Page 19: The shift in consumer spending towards smaller retailers and neighbourhood stores that helped wholesaler Metcash achieve record sales growth in May and June has accelerated, even though COVID-19 restrictions across most of Australia have eased.

 

 

The Australian

Page 1: Scott Morrison has directly urged Daniel Andrews to dramatically pull back from his year-long emergency power bid and only seek monthly or quarterly extensions, in an attempt to quell public anger and restore faith in government coronavirus restrictions.

Page 4: Billionaire Bill Gates has praised Australia and South Korea as “doing great” in handling the COVID-19 pandemic and that they could have returned to a “normal” if only the rest of the world had done the same.

Page 5: Border closures would be scrapped and states could only impose “targeted and time-restricted local lockdowns” on areas with community transmission of coronavirus where the source was unknown, under a plan being worked on by business and the Morrison government.

The Australia logo attacked for looking like the coronavirus has been quietly dropped and is being “redesigned” by the Morrison government.

Page 6: Universities who have entered into commercial arrangements or signed memorandums of understanding with Chinese government institutes and military universities face having their current and future research collaborations scrapped.

Page 7: Employees should be compensated for the secondary use of data gathered through workplace monitoring and surveillance, an inquiry into the future of work has been told.

Page 13: The long-simmering dispute between the powerful Scentre Group, owner of the local Westfield mall empire, and high-profile retailer Solomon Lew is moving to a legal confrontation that could trigger the closure of hundreds of stores.

Shoppers heading into their local Dan Murphy’s for a bottle of Moet champagne or vintage Dom Perignon are likely to be walking out empty-handed after a feud between Woolworths and the world’s leading owner of luxury brands, French conglomerate Louis Vuitton Moet Hennessy, spilt into the aisles.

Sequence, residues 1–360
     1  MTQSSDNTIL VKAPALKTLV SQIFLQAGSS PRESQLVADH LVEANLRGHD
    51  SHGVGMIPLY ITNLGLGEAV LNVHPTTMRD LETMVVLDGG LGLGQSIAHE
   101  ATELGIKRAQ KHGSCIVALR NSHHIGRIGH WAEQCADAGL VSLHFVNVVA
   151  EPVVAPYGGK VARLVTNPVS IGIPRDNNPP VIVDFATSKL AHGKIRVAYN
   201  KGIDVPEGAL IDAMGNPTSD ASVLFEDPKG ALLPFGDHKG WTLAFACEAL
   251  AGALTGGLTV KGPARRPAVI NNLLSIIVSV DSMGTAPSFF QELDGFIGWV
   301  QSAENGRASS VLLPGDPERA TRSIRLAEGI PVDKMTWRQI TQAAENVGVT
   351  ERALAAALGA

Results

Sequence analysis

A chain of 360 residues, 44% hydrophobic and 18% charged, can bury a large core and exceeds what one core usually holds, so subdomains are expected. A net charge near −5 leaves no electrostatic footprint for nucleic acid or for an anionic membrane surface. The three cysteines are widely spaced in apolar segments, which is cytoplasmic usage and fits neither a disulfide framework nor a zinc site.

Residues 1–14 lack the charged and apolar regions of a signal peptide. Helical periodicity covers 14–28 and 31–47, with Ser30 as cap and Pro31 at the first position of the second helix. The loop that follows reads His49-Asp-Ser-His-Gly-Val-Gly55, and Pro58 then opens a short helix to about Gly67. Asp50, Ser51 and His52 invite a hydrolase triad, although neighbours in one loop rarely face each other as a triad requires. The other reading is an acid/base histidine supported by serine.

Page 14: Private equity firms with a major presence in Japan are believed to be among the parties that have been circling the Australian logistics business Toll Holdings.

Page 15: Shares in buy now, pay later provider Zip defied the broader market on Wednesday and soared by 31 per cent as investors lapped up the prospect of a new vertical — Zip Business — as well as a new partnership with e-commerce powerhouse eBay.

Page 16: Billionaire Kerry Stokes’ conglomerate Seven Group hopes its stake in Boral will in time deliver returns on a similar scale to mining machinery supplier WesTrac, as it eyes greater exposure to infrastructure on Australia’s east coast.

 

 

The West Australian

Page 5: Google’s “scare campaign” against new laws that would force it to compensate media companies for their content is facing a social media backlash with people using the campaign’s hashtag to call on the tech giant to pay its fair share of tax.

Page 6: The WA Government will explore having Clive Palmer declared a vexatious litigant, with Premier Mark McGowan accusing the billionaire of launching a barrage of “over the top” legal actions.

The AFL grand final will be held on October 24 — but where it will be held is still up in the air.

Page 7: A powerful parliamentary committee ordered to investigate press freedom after police raids on Australian reporters has recommended the Federal Government considers changing the law to better protect public interest journalism.

Page 9: WA residents are being asked to report unusual post with mystery seed packages arriving in Australian mail over the past five weeks.

Page 10: Almost 400,000 additional businesses and 900,000 jobs would have been created in 2018-2019 if regulation and red tape were maintained at 2004 levels, with wages worth more than $26 billion lost as a result.

Page 12: Lighting along Hay Street Mall could become as dynamic, colourful and outlandish as Optus Stadium during a football game after City of Perth commissioners committed to a $300,000 upgrade of the retail strip.

Business: Rising domestic student numbers are helping pull international education group Navitas out of a COVID-19 slump as management plans for a scenario that could see Australia’s borders closed until July.

New research into the effect of COVID-19 on the nation’s jobs market shows nearly two-thirds of West Australians have experienced a change in employment due to the pandemic.

US chemicals giant Albemarle will begin a recruitment drive next month for up to 300 operational roles at its new lithium hydroxide plant at Kemerton, defying negative sentiment regarding the battery metal.

The company operating Kalgoorlie-Boulder’s Super Pit is under investigation for exposing workers to higher-than-normal levels of mercury on more than one occasion since 2018.

The director of a Perth-based business management company has backed Mosaic Brands in its rental spat with shopping centre giant Scentre, saying landlords have had “unrealistic expectations of growth for far too long”.

Price-conscious drivers are getting into second-hand cars during the coronavirus pandemic instead of splashing out on new vehicles.

STANDING BY BUSINESS. TRUSTED BY BUSINESS.